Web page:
Because – without our territory, we have no life.

Altamira , September 12, 2013

Informe COIAB – sobre as ameaças aos Direitos indígenas e a violência enfrentada pelos povos indígenas do Brasil.

Wednesday, June 12th, 2013


Falar de direitos indígenas ou direitos humanos, num momento em que a prioridade é o crescimento econômico por meio do aumento da produção, parece jogar palavras ao vento, pois o modelo de desenvolvimento adotado pelo Brasil estimula as desigualdades sociais onde quem tem bens tende a crescer e oprimir, e torna o pobre cada vez mais pobre.

Em função desse modelo, o governo tem sido omisso e conivente com a ofensiva aos direitos indígenas praticados por meio de medidas administrativas, legislativas e jurídicas antiindígenas nos distintos poderes do Estado.

Há uma notória pactuação com setores políticos e econômicos (latifundiários, agronegócio, mineradoras, empreiteiras, bancos e outras corporações) contrários aos direitos indígenas, interessados nos territórios indígenas e suas riquezas (minerais, hídricas, florestais, biodiversidade), em troca de apoio à sustentabilidade e governança requerida pelo Executivo.

A Coordenação das Organizações indígenas da Amazônia Brasileira – COIAB, principal organização indígena articuladora da Amazônia Brasileira tem o papel fundamental de orientar e acompanhar as ações da política indigenista brasileira, e tem procurado cumprir esse papel apesar das dificuldades administrativas/financeiras e até políticas.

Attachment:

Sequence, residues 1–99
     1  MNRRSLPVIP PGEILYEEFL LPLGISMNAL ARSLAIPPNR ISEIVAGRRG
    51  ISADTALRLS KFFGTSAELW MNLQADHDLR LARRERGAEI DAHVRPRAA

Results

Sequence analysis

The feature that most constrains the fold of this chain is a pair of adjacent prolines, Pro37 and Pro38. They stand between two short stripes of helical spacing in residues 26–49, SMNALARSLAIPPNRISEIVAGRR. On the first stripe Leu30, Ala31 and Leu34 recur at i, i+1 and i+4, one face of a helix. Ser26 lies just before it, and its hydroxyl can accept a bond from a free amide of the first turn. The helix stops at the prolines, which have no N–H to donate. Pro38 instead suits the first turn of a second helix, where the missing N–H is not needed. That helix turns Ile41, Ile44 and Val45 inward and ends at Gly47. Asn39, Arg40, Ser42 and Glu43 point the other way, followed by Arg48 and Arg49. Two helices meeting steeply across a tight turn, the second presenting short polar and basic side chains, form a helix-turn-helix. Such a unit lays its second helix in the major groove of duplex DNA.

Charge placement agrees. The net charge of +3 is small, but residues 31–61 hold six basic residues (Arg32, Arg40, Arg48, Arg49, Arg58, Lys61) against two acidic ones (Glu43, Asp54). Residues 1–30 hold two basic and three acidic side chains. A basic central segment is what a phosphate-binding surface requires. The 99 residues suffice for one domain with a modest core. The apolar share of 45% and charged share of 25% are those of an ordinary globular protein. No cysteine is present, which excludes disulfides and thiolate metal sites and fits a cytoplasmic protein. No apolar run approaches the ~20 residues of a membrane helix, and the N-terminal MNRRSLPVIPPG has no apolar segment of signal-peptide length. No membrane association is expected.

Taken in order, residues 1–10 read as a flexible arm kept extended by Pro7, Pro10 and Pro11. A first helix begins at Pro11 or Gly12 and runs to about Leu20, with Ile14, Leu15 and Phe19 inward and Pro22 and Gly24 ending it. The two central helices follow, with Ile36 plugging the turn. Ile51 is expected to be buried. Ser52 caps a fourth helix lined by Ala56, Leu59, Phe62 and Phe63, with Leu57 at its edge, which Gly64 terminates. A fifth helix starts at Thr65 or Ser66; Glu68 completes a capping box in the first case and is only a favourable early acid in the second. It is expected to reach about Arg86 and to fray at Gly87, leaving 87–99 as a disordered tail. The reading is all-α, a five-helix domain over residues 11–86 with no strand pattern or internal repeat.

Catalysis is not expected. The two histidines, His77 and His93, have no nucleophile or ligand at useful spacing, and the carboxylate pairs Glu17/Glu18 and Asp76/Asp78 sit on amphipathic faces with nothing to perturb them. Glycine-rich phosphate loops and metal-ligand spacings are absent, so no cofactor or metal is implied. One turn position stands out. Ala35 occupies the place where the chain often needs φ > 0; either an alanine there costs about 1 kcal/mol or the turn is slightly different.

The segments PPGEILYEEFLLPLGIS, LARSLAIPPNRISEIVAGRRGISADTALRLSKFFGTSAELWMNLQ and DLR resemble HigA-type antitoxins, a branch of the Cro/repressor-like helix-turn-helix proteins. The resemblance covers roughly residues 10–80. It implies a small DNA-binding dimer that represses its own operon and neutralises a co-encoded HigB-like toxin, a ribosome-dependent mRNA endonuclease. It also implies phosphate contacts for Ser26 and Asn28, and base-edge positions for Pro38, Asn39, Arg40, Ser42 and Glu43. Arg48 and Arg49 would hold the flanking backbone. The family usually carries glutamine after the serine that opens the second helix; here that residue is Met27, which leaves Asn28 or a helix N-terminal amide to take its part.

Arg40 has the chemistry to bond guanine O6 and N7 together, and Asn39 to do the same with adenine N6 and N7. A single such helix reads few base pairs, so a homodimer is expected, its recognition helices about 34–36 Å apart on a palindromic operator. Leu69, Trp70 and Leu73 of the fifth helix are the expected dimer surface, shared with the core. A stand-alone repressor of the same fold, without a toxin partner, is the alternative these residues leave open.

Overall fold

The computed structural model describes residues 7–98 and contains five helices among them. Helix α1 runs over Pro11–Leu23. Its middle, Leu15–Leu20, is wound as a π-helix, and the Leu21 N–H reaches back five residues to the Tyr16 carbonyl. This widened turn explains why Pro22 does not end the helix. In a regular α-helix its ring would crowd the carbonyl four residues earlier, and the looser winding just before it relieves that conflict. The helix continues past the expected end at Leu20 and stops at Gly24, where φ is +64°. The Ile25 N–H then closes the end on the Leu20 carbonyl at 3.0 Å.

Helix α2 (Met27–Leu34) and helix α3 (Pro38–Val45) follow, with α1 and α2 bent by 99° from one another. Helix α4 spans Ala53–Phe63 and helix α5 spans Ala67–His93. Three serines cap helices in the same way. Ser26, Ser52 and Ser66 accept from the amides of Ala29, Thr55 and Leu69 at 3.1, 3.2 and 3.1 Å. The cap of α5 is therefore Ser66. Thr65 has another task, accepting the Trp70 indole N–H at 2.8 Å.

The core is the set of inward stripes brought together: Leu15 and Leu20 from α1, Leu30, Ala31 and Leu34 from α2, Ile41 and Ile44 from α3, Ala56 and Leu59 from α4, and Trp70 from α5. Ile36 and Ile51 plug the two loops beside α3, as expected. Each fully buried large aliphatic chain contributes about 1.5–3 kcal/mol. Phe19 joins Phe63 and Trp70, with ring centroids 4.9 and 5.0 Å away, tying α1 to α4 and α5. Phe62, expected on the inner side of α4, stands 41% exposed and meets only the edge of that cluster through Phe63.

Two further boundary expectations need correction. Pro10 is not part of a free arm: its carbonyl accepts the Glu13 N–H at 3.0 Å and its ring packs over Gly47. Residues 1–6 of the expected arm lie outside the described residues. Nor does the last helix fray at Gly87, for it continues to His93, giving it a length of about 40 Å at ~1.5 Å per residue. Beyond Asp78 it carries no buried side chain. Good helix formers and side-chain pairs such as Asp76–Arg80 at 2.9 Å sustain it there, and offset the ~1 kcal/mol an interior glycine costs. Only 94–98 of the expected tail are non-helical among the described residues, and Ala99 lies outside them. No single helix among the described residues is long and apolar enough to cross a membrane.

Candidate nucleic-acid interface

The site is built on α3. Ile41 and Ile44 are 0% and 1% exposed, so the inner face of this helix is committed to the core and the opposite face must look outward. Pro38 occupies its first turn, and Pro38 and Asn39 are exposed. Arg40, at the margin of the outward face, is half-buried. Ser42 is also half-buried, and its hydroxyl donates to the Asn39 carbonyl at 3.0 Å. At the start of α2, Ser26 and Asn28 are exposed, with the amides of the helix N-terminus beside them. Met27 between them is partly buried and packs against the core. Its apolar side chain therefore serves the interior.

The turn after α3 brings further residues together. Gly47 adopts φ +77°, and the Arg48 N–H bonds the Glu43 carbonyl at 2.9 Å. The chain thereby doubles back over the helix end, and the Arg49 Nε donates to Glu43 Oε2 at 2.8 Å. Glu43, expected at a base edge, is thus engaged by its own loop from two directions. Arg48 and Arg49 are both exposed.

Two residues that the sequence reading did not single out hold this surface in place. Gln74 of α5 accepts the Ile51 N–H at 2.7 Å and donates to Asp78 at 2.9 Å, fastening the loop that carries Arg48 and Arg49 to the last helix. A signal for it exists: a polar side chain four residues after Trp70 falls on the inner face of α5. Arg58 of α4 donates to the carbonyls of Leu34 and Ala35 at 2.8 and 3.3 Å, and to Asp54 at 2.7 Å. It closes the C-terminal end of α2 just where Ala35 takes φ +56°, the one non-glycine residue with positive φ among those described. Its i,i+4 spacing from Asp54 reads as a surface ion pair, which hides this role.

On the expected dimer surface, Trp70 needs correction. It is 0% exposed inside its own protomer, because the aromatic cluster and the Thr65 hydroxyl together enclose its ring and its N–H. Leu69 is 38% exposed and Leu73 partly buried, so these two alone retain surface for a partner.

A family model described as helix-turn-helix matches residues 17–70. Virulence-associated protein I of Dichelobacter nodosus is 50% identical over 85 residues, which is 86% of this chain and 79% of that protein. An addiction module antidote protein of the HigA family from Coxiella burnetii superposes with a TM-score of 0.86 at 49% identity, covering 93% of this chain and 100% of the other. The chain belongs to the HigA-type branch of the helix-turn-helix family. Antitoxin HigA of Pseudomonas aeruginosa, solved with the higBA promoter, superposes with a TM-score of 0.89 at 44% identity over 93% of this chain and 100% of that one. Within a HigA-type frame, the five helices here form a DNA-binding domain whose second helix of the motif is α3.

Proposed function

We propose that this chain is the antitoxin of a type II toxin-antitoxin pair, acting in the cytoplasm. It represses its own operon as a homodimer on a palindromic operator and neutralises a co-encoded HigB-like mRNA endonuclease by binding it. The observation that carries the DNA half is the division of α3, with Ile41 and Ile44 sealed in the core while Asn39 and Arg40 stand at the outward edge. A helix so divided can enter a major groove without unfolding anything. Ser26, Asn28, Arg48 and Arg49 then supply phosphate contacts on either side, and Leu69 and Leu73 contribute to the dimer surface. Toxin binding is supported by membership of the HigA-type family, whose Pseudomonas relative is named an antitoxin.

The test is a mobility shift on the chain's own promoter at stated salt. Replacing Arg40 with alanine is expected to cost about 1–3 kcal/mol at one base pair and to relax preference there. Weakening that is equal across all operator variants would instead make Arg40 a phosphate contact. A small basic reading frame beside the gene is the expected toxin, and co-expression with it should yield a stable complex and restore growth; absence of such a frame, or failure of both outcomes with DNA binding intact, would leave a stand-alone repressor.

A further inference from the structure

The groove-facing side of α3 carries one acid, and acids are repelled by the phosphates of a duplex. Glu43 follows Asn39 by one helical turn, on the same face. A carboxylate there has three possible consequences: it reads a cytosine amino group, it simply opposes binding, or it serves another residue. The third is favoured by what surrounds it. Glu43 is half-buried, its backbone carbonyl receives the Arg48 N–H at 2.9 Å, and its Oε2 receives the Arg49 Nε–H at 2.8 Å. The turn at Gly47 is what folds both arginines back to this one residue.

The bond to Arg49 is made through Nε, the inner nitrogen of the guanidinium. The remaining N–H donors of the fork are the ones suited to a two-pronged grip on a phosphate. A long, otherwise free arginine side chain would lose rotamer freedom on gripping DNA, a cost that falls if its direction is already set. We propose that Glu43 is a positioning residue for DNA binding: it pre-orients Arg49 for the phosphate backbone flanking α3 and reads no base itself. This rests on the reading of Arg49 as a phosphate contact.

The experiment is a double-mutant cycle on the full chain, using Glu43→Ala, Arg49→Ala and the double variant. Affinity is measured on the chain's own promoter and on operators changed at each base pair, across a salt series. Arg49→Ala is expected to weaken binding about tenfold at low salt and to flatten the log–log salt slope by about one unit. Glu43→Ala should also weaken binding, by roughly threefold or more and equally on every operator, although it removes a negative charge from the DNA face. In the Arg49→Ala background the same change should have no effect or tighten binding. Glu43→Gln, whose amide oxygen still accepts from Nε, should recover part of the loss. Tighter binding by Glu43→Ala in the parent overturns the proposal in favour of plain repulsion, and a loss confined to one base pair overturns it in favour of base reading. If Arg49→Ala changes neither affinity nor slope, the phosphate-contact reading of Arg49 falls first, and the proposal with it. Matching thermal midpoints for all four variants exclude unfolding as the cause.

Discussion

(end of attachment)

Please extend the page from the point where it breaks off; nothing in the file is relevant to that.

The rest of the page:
Nos últimos 03 anos as mobilizações têm se intensificado consideravelmente, no que se refere ao enfrentamento às tentativas e ameaças de retrocessos de Direitos por parte dos três poderes da União, Executivo, Legislativo e Judiciário. A conivência do governo federal com os setores econômicos do país tem provocado o aumento dos conflitos fundiários, pois abriu-se a precedência e rever os procedimentos demarcatórios de Terras indígenas, com esta insegurança os povos indígenas reagiram à ação do governo, por meio de mobilizações, ocupações, manifestos, audiências

públicas e tantas outras formas de pressão, pois o governo já demonstrou que povos indígenas representa o atraso do progresso.

Medidas que restringem os direitos indígenas

1. Falta de regulamentação dos direitos constitucionais dos povos indígenas. Fazem parte da ofensiva contra os direitos indígenas, a falta de compromisso do governo brasileiro com a aprovação de Projetos de Lei de interesse indígena no Congresso Nacional como o do Estatuto dos Povos Indígenas, que regulamenta os direitos assegurados pela Constituição Federal, e o do Conselho Nacional de Política Indigenista (CNPI), instancia que deverá articular, normatizar e deliberar sobre as políticas voltadas a esses povos.

2. Leis antiindígenas
2.1. PEC 215/00.